When local author TJ Klune finished his book “The House in the Cerulean Sea,” he knew he had something special— “which doesn’t always happen,” Klune said.
“It left me with a happy sign,” he said. “And I think we need that now, more than ever.”
The book, which hit shelves Tuesday, tells the story of children with magical abilities who have been removed from their families to live in an orphanage.
Though it deals with serious themes, such as family separation and the fear of those different from us, Klune said it is ultimately a story about hope, kindness and finding one’s true family.
“It speaks for those who can’t speak for themselves,” he said.
Klune, 37, keeps an Edward Gorey print above his desk for inspiration. Before setting “The House in the Cerulean Sea” to paper, he’d been wanting to do something with “a Tim Burton” aesthetic, he said.
While clicking through Wikipedia—his favorite website, he said—one night, he discovered a page about the “Sixties Scoop,” which refers to the Canadian government’s practice of removing indigenous children from their homes with the intent of adopting them out to white, middle-class families.
This practice persisted into the 1980s and affected about 20,000 indigenous children. In 2017, the Canadian government settled with victims of the Scoop for $800 million.
“It started eating at me,” Klune said. “And then the news broke about the southern borders, and children being removed from their parents after crossing over. It’s terrifying to know it is still happening.”
“People fear others because they are different,” he continued. “And that fear takes over our lives and it’s unfortunate.”
Instead, “The House in the Cerulean Sea” celebrates differences and shows what can happen when people—especially children—are given a place where they are safe and cherished as themselves.
Klune is from rural Oregon and moved to the Fredericksburg area in 2013 for a job at Geico—a job he quit in 2016 to write full time.
Growing up in the 1980s, he carried a notebook around with him in which he penned fan-fiction based on Metroid, an interplanetary action-adventure video game featuring a female protagonist in disguise.
“It just blew my mind,” Klune said. “I wanted to be part of that world.”
When he was a little older, he started writing original stories. In seventh grade, his teachers—“Mrs. Bentz and Mrs. Pfeiffer”—told him they knew they would see a book written by him on the shelves of bookstores one day.
Klune said he grew up poor and books were considered luxuries. Instead, he spent as much time as possible at the local library and “read anything I could get my hands.”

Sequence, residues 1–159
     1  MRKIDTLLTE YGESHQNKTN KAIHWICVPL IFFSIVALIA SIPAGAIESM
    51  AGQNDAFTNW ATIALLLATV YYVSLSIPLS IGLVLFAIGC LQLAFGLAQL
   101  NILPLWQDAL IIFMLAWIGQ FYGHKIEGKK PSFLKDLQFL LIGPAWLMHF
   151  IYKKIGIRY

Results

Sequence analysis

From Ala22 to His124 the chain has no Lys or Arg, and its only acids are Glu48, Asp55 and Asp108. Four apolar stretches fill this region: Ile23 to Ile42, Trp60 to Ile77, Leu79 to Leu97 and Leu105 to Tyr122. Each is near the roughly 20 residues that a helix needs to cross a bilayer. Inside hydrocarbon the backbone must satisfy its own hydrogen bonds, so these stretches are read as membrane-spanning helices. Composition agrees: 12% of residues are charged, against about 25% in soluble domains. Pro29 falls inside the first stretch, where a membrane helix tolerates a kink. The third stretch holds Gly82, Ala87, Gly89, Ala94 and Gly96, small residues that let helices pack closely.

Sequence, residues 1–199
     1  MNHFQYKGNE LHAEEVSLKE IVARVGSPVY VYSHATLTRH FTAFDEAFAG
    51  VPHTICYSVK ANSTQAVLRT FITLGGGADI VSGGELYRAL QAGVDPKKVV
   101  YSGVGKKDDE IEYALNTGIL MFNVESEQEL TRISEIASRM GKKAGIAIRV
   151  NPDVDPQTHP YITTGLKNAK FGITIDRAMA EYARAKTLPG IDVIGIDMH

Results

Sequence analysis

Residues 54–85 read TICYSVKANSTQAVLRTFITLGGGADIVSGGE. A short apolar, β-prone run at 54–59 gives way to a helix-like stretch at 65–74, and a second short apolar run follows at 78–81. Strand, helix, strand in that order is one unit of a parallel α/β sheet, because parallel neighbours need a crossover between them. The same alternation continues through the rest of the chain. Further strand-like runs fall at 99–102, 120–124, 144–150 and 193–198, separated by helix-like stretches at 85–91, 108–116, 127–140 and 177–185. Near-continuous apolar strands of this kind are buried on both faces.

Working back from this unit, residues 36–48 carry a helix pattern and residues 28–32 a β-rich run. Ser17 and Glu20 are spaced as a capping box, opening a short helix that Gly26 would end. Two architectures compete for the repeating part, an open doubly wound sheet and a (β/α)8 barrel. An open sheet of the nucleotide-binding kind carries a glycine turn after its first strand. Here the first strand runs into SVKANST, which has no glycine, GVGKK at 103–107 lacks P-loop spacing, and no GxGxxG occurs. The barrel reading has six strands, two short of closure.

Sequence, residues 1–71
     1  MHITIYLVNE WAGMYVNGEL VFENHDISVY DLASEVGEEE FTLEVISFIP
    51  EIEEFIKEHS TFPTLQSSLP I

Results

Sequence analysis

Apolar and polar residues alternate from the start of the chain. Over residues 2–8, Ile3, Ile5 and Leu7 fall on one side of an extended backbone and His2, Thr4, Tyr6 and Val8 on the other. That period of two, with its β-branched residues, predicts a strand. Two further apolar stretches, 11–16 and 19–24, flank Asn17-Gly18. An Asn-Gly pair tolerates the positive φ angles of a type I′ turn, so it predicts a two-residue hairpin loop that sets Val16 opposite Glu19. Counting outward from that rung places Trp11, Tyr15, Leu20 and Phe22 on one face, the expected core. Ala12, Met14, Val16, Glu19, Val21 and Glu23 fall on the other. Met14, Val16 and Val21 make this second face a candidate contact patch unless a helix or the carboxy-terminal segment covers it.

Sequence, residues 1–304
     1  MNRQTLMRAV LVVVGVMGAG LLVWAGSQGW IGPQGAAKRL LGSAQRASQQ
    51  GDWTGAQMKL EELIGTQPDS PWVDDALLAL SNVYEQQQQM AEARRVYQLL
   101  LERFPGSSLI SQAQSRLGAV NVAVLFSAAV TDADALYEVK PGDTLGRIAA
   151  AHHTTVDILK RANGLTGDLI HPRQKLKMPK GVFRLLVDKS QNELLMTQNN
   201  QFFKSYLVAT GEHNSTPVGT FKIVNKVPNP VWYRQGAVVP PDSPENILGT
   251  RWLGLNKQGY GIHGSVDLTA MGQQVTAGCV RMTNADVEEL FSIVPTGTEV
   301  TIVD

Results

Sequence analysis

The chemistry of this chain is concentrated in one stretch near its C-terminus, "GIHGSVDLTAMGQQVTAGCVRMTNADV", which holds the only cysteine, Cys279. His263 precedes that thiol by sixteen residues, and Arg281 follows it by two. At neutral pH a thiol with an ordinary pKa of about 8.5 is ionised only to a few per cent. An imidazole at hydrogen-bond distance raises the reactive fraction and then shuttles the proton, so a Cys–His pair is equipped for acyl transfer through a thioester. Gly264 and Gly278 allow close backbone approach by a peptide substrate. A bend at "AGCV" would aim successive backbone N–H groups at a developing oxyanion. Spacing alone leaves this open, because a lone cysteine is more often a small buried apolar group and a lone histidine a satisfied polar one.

His favorites were books by Wilson Rawls, Dean Koontz, Stephen King and the “Calvin and Hobbes” comics by Bill Watterson.
But as much as he loved books, he never saw himself—a gay young man—reflected in any of them, until he read “The Front Runner,” a 1974 novel by Patricia Nell Warren.
“That was the first novel I read with a queer character,” Klune said. “And because it was a book of its time, it had an unhappy ending.”
One of the main characters is killed in an act of homophobic rage. Klune said this is the kind of thing that happens too often to queer characters in fiction.
“Often queer characters were offensive stereotypes, or the point of them was to get sick, or they got killed because of their sexuality,” he said. “That is changing a bit, but we still have a long way to go. We need more marginalized people telling their own stories.”
So when Klune wrote his first book, “Bear, Otter and the Kid,” in 2011, he wanted it to be an accurate, positive representation of queer relationships.
The book was cited by Amazon as one of the top LGBT books of that year. Klune wrote several sequels—and a few dozen other books, for both adult and YA audiences, with the indie publisher Dreamspinner.
Last year, he signed a contract with Macmillan Tor publishers for three standalone adult books and a three-book YA series. “The Extraordinaries,” the first in the YA series, comes out May 2.
“I have six books coming out in the next few years,” Klune said with a laugh.
Though Klune said he does see progress in terms of queer representation in fiction, movies and television, any step forward seems to be accompanied by “about four steps back.”
Heavily lauded and promoted queer characters in recent Marvel, Disney and Star Wars films haven’t amounted to more than background, often unnamed, characters, he said.
“They are giving us scraps and telling us it’s the whole meal and that’s not OK,” he said.
He praised YA fiction for “being on the forefront of diversity.”
“But I’m not a teenager and I still want to see myself,” he said. “We get movies like ‘Milk’ or ‘Brokeback Mountain,’ these tragedies. Give me a rom-com! Let us breathe, dammit!”
Klune said he believes the country is “on a precipice,” with acceptance and love on one side and fear on the other, and he hopes his work can help shift the balance toward love.
As people start to hunker down at home to stop the spread of coronavirus, Klune suggested that it’s a good time to read a book.
“If you’re looking for something to read that will make you feel good, ‘The House in the Cerulean Sea’ is the book. It’s a slice of happiness.”